The hammer is the mechanism that strikes the firing pin, which ignites the primer charge and the propellant and sends the bullet downrange. It is held in place by the sear.

It is also the part that sets off the charge in muskets (in the flash pan in older muskets, or the opening in caplock muskets).

In revolvers[edit | edit source]

The hammer (among other parts) in a LeMat Revolver.

In double-action revolvers, the hammer is automatically pulled back and released on the primer charge after the trigger is pulled.

In single-action revolvers, the hammer has to be pulled back manually to turn the cylinder.

In muskets[edit | edit source]

An animated diagram depicting the hammer in a caplock rifle hitting the percussion cap.

The firing hammer in muskets had to be pulled back after proper loading to the mechanism's parts, (which gunlock determines the parts the hammer hits). Then after the trigger was pulled, the hammer would hit the parts. With matchlocks, the hammer with a burning wick is lowered into the flash pan, with wheellocks the hammer (with flint) strikes a rotating wheel and creates sparks, with flintlocks the hammer (with flint) would hit the frizzen and create sparks, with caplocks, the hammer would hit the percussion cap on the opening to the inside of the barrel.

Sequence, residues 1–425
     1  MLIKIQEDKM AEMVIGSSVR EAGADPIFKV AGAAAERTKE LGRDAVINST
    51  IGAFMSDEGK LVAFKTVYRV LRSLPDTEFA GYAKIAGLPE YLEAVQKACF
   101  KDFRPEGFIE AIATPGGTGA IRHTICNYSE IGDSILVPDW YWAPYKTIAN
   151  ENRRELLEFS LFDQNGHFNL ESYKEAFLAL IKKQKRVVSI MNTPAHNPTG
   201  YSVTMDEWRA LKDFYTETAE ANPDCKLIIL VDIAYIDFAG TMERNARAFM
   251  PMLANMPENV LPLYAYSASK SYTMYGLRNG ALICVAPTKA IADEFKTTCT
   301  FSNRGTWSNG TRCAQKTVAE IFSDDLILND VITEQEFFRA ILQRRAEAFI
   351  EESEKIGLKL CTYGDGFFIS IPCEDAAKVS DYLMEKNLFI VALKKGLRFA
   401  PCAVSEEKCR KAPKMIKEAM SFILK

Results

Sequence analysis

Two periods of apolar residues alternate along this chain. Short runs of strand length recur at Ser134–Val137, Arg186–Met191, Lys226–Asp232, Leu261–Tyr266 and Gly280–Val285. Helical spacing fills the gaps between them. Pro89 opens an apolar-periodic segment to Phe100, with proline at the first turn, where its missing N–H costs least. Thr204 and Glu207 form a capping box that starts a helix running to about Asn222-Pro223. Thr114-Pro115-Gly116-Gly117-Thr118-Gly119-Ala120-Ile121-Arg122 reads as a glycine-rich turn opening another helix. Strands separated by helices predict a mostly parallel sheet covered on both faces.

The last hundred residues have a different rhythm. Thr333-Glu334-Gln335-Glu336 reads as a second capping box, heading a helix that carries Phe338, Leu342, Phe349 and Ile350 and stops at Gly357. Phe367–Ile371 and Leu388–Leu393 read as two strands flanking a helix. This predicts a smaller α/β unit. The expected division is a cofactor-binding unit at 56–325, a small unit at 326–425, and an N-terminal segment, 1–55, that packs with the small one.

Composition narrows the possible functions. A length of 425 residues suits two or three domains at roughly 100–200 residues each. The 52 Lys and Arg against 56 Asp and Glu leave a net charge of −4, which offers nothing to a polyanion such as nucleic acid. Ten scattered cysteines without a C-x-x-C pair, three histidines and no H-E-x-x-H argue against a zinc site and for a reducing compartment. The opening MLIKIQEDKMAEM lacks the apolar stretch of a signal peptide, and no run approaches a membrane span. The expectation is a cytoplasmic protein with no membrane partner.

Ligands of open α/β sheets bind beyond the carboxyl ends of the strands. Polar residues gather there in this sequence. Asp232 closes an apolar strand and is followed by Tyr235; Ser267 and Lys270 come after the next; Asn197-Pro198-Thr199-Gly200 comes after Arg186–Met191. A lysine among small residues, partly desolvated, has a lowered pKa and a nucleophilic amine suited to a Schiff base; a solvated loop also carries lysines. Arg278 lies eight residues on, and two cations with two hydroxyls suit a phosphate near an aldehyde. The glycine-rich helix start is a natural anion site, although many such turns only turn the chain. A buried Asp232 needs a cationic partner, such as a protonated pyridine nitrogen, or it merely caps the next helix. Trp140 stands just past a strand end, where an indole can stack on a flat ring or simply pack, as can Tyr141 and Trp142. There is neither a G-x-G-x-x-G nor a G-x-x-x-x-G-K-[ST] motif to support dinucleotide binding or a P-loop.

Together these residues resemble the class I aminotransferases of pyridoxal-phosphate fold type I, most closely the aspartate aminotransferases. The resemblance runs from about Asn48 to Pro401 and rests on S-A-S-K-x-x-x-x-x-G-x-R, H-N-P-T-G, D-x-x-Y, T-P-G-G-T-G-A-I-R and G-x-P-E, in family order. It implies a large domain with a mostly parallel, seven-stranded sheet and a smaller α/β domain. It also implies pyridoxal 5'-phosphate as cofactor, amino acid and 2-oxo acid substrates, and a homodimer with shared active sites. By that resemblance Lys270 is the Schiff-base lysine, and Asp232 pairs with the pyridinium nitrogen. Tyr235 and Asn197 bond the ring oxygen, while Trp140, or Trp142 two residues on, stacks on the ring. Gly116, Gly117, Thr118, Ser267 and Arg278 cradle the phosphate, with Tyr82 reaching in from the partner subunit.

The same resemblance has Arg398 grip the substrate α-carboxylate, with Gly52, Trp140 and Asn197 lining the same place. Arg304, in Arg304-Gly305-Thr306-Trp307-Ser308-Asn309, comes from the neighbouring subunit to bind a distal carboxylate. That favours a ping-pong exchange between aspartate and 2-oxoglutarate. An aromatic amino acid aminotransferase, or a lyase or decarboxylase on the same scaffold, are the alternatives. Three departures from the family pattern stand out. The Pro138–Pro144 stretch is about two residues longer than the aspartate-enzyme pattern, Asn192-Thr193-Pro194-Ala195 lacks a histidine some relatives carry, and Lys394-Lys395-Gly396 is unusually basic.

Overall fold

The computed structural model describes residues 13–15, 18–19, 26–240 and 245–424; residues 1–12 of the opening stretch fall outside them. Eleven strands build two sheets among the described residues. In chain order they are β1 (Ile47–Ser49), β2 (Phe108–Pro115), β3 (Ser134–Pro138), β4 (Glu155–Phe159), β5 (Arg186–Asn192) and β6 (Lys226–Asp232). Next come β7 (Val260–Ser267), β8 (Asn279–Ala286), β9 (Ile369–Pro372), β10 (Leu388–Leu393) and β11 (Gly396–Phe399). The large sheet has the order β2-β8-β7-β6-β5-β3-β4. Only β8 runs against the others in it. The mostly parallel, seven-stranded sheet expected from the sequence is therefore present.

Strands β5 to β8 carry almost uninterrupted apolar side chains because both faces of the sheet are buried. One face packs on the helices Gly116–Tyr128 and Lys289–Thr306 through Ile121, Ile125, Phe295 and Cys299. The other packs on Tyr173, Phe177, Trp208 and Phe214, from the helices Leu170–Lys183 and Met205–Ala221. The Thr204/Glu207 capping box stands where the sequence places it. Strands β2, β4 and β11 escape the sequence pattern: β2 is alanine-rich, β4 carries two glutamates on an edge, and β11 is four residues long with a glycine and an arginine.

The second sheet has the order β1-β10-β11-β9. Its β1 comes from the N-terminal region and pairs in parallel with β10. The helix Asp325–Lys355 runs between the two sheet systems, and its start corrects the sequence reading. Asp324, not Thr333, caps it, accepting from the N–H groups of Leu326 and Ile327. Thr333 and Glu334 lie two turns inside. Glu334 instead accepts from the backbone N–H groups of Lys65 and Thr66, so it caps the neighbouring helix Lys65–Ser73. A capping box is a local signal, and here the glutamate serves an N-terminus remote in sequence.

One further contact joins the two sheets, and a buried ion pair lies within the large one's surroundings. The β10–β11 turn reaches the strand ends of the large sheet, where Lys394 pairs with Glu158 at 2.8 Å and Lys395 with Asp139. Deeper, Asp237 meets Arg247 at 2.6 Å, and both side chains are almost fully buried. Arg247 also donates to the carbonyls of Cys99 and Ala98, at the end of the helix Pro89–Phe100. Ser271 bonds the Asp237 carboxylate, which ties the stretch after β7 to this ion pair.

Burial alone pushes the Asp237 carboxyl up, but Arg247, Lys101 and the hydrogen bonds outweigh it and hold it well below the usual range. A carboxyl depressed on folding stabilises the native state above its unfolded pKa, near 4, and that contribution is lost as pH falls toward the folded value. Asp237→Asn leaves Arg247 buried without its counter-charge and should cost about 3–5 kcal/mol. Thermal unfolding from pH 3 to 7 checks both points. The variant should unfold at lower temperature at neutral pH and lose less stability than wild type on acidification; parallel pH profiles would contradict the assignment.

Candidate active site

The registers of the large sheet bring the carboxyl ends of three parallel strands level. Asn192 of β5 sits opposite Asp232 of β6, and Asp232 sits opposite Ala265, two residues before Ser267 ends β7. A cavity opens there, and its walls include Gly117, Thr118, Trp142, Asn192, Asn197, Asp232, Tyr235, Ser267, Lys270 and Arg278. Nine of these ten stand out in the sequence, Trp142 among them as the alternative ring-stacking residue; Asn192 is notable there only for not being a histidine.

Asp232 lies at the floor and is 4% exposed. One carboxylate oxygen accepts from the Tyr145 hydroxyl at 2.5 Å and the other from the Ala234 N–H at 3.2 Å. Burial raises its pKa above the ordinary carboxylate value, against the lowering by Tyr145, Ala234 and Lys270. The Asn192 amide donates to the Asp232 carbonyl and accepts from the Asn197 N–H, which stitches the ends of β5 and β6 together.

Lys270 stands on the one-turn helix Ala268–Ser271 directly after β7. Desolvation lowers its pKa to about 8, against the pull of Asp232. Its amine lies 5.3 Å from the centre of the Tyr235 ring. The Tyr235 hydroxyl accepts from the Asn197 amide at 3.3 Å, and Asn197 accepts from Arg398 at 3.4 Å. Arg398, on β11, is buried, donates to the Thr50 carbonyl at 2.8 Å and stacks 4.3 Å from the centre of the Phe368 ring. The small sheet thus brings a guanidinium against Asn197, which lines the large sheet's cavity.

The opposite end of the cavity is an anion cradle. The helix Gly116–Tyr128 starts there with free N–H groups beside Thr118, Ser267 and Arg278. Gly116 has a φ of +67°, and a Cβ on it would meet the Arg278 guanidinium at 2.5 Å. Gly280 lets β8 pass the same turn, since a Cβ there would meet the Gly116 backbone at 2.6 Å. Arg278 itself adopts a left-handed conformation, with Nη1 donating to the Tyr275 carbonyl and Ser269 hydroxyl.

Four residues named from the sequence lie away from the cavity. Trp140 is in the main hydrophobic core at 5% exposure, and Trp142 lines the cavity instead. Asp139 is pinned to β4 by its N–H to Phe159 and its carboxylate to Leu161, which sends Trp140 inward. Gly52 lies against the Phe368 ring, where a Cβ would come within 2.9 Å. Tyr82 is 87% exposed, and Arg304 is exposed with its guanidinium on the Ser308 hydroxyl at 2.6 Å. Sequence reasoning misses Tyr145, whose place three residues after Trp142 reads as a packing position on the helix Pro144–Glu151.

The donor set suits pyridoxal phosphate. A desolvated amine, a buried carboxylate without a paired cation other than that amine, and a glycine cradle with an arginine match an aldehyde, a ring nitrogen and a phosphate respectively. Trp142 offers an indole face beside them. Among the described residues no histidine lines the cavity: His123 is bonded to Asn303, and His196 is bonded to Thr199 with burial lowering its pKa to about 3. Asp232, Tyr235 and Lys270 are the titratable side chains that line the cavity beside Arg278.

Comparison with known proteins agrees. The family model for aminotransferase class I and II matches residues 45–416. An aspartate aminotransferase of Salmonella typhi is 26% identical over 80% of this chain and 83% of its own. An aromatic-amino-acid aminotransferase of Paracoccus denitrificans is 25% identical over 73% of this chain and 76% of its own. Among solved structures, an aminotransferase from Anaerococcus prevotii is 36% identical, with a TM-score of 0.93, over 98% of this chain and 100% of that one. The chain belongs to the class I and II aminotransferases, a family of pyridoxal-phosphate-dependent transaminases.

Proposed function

In semi-automatic rifles and automatic rifles[edit | edit source]

Fire Control Group Animation.gif

The hammer is located inside the receiver and when released, strikes a firing pin that is inside the bolt carrier. The bolt carrier assembly then cycles back, cocking the hammer back in the process. In a semi-automatic rifle, the hammer is caught by a sear and not released until the trigger is pulled again. In an automatic weapon, the hammer is caught by an auto sear, which releases the hammer when the bolt carrier is completely forward and the bolt is in battery, firing the weapon as long as the trigger is held down.

See also[edit | edit source]

External links[edit | edit source]

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